The CAAB undertook a consultation process with professionals working in children’s services on inter-agency co-operation in the children’s sector, as part of our 2008 Network Seminars. A total of 12 focus groups were held, with more than 100 participants. A presentation on the findings from this process was made at our 2008 National Conference, see the events section for details. A report on this process was produced by Finbar McDonnell of Hibernian Consulting and the CAAB. The report focuses on stakeholders’ experiences of inter-agency co-operation and on their views on future requirements to enable better inter-agency co-operation. A briefing note and the full report from this consultation process is available to download here.
Best Practice Guidelines for the Use and Implementation of Therapeutic Interventions for Children and Young People in Out of Home Care, November 2009
In 2008, the CAAB in conjunction with a number of key agencies and professions including the Health Service Executive (policy, inspectorate and residential managers), Irish Youth Justice Service, the Health, Information and Quality Authority Social Services Inspectorate, with professional guidance from a number of senior clinicians and academics have produced a set of Best Practice Guidelines for the Use and Implementation of Therapeutic Interventions for Children and Young People in Out of Home Care.
These guidelines apply to all children subject to the provision of the Child Care Act, 1991 and the Children Act, 2001 and their subsequent amendments and should also be applied to children with disabilities living away from home.
The guidelines were published in November 2009 and are available to download here.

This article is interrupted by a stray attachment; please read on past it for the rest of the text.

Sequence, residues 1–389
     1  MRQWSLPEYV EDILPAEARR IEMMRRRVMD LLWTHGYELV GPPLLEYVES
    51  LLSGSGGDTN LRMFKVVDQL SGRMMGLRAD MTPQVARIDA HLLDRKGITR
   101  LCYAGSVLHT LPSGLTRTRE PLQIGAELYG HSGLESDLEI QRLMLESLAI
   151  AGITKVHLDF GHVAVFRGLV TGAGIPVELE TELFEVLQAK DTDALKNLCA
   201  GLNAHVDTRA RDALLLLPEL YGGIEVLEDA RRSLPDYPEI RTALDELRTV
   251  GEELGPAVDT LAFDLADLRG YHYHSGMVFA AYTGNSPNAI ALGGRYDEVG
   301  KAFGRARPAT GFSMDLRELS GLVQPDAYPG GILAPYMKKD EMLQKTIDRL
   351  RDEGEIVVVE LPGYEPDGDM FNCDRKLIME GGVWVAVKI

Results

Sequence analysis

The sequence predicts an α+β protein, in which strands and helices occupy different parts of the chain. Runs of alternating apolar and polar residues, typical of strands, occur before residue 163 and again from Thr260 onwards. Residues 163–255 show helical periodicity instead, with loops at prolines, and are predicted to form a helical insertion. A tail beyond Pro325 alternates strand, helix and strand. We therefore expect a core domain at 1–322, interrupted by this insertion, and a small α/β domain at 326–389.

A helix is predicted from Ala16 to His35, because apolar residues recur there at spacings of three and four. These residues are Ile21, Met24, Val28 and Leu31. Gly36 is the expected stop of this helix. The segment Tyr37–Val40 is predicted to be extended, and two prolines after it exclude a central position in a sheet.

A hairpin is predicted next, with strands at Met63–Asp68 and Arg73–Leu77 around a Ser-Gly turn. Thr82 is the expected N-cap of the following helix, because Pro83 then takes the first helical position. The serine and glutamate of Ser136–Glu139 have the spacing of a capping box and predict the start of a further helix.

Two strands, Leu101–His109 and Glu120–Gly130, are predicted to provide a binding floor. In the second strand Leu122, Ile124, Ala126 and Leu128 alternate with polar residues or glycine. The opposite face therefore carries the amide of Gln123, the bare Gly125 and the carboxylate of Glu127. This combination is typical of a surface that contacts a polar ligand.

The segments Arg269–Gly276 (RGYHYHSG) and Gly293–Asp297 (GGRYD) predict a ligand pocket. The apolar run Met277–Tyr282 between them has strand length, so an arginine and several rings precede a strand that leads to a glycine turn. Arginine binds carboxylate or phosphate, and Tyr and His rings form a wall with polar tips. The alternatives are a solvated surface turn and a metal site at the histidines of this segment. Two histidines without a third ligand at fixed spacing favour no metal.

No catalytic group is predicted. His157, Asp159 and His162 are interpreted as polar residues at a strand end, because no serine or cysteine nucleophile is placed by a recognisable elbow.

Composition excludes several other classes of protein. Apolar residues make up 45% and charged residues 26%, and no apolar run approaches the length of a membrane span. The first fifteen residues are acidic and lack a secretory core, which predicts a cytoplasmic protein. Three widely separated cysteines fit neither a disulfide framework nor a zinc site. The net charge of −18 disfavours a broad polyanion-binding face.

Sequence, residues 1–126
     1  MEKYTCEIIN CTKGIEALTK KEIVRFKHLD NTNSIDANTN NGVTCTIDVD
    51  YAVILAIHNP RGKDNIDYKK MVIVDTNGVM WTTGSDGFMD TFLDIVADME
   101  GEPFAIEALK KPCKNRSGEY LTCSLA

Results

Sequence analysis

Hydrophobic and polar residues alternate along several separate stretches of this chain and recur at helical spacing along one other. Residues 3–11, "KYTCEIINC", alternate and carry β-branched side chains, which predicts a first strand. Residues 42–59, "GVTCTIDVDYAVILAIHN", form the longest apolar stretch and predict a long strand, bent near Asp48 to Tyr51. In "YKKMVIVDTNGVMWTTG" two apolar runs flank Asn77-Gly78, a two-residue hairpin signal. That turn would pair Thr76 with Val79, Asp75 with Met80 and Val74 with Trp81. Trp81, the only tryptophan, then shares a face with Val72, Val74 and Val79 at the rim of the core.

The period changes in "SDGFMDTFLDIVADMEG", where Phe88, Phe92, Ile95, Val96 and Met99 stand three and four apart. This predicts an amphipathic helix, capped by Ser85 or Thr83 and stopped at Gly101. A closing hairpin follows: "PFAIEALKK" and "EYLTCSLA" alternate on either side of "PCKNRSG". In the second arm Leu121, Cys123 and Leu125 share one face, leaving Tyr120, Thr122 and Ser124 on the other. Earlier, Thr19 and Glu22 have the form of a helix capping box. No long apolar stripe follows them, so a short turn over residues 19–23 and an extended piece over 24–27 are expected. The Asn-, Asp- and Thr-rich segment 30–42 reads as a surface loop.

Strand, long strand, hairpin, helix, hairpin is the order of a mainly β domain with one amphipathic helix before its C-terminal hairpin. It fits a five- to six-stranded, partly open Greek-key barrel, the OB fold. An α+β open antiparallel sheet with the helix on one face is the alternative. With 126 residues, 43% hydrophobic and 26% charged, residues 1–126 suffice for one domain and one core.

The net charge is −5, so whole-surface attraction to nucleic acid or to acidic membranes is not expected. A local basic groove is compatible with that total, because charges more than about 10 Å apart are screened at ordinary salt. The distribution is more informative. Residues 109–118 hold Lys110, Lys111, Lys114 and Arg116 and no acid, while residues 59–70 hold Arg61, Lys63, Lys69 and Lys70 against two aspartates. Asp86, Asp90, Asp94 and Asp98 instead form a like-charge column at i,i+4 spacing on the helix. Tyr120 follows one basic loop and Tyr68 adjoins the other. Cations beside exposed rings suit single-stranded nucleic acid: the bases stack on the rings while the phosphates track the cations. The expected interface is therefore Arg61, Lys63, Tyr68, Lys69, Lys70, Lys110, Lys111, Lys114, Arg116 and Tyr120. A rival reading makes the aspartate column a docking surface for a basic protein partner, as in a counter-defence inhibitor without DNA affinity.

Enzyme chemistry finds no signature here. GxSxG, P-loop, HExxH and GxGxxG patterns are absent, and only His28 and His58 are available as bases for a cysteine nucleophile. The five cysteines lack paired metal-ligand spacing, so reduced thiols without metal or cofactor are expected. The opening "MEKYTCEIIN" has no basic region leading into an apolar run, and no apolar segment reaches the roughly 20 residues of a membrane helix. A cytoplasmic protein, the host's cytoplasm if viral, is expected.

Putting Research Evidence to Work (PREW): Key Issues for Research Utilisation in Irish Children’s Services, October 2009
The objective of this project was to develop initiatives, in partnership with relevant organisations, which help policy makers, managers and practitioners to put research evidence to work. This project was led by Helen Buckley from the School for Social Work and Social Policy and the Children’s Research Centre, Trinity College Dublin in association with the CAAB. The first stage of PREW was be to produce a report on the barriers, facilitators and approaches to putting research evidence to work based on a review of literature, a review of international web-based research dissemination mechanisms, and a consultation process to establish access to and application of research by stakeholders. A briefing note, summary report and the full report from this study are available to download.
Review of Special Care Applications, July 2008
Since January 2007, the Children Acts Advisory Board (CAAB) has been giving its views to the Health Service Executive’s National Admission and Discharge Committee (NSCADC) on special care applications made by social workers for children/young people requiring special care and protection. This function is set out in the Children Act 2001, as inserted by the Child Care (Amendment) Act 2007. The legislation of this statutory scheme is not fully enacted. In 2007, the CAAB undertook research, conducted by Social Information Systems Ltd (SIS), on 36 special care applications made between January and June 2007.
The research involved a detailed analysis of the case profiles of children for whom applications have been made and a detailed review of the application stages followed in each case. As part of the methodology information was derived from several sources including: application paperwork; interviews with workers from Social Work Departments from the HSE who made the applications; information and interviews with representatives of the CAAB, of the NSCADC and of the Family Welfare Conference Services. The research report makes 32 recommendations under the areas of management of practice, monitoring and processes. A multi-agency Implementation Group has been established to promote and assist in the implementation of these recommendations. This report was published in July 2008 and is available to view by clicking here.